Company illegally dumps waste from I-75 construction, fails to clean it up when caught
What's an easy way to make big money from state construction jobs? Contract with the DOT to remove construction materials from road projects and just dump the stuff somewhere without getting the necessary permits. It appears that White Construction Company of Chiefland has done just that, possibly contaminating surrounding areas in the process.
In late July, the county Environmental Protection Department received a complaint that White Construction Co. had dumped trash, including hazardous materials, at a site on NW 202nd St. The company owns the property on which the dumping occurred, however, trash and hazardous wastes must be taken to permitted sites, according to Alachua County Codes Enforcement.
Inspectors visiting the property found construction debris which appeared to have originated at the company's I-75 construction project. White Construction Co. is under contract with the state to remove construction debris from the I-75 sites. What an ingenious idea--have the state pay you to remove construction debris and all you have to do is haul it down the road. Never mind that the waste may contain hazardous materials which must be disposed of according to prescribed procedures.
After the site visit, the company was notified of the dumping violations and given until September 1 to clean up the mess. Shortly thereafter, the company requested, and was given, an extension which expired on Friday, September 15. By that time, the company had still failed to comply with the order, although some trash had been removed. The continued presence of old batteries and drums marked as containing hazardous waste suggest the possibility of local groundwater contamination; however, officials do not think that the waste has been present long enough to find its way down to the Floridan Aquifer, beneath a quarry on the property.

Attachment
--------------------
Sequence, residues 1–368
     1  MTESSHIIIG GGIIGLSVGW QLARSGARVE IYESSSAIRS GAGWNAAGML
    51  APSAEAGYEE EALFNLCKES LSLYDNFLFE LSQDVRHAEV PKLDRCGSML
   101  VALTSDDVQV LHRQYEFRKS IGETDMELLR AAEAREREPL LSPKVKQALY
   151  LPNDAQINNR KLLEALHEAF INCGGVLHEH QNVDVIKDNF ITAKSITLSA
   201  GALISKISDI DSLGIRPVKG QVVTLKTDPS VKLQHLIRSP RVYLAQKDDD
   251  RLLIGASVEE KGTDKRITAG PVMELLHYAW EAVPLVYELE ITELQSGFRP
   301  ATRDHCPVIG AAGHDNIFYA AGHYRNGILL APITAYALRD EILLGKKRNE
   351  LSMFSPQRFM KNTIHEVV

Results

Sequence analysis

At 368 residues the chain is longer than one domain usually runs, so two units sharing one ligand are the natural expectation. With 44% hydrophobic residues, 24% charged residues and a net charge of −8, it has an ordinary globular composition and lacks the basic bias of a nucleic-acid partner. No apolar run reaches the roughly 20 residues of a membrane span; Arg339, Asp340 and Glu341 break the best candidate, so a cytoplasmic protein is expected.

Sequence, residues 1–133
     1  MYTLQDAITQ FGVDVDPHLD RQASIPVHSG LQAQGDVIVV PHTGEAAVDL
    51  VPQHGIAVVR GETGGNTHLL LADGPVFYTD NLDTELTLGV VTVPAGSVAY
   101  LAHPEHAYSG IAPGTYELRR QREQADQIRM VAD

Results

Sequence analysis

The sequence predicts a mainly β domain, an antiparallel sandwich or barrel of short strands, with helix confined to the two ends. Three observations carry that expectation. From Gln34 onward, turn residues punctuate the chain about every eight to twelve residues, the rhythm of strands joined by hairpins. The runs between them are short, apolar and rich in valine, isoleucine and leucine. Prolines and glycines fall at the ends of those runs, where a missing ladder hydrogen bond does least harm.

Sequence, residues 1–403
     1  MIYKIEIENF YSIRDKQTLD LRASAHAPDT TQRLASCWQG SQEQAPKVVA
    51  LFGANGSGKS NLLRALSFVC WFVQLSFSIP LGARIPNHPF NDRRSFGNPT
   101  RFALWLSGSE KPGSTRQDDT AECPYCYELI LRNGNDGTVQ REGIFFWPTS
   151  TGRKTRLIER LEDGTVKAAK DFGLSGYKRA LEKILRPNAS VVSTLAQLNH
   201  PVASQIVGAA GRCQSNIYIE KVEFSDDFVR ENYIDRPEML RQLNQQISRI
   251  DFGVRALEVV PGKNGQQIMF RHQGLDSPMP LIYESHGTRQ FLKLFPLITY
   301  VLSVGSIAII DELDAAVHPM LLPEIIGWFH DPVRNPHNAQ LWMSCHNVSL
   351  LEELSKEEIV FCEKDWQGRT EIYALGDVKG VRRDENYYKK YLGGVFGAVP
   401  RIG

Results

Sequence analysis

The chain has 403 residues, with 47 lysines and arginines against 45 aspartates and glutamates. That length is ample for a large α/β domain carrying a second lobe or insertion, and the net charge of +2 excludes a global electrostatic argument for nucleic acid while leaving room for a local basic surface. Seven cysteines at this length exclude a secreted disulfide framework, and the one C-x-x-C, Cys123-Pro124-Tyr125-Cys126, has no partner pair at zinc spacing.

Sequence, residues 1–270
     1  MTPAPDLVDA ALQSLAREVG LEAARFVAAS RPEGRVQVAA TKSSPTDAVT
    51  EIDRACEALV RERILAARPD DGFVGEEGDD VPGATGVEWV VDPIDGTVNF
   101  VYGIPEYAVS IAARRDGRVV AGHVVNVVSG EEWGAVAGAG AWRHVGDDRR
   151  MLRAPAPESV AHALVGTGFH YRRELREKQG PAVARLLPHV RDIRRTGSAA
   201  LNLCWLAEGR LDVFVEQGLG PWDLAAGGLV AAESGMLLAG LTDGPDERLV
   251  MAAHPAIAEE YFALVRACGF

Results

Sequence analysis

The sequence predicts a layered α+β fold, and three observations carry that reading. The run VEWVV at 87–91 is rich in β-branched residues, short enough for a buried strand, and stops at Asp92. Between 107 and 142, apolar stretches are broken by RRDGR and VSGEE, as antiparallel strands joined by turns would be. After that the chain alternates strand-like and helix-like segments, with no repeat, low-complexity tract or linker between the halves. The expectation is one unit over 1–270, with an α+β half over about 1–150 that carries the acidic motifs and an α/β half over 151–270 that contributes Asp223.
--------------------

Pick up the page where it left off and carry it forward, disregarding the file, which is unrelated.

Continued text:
Groundwater testing has been done at about 10 homes in the area, but at this time there are no results. County officials have recommended that the case be referred to the Code Enforcement Board. If the company is found in violation, it could be fined $250 per day until it is cleaned up. This seems like a small price to pay for a large company with a fat contract. Arthur Saarinen, president of the Haile Community Association (HCA), says "we would have liked to have seen stronger action." Should groundwater test results show contamination, the Florida Department of Environmental Protection could impose higher fines, and the HCA could ask that criminal charges be filed against the company as well.
Area residents are unhappy with the whole situation, from the dumping to the amount of time (over a month) it took for them to get action from local authorities. White's initial dumping was wrong; it's subsequent failure to comply with the cleanup order shows a blatant disregard for the environment as well as for the laws that were enacted to protect that environment. Companies such as this should not only be held liable for cleanup and all expenses related to the offense, but should be barred from receiving government contracts in the future.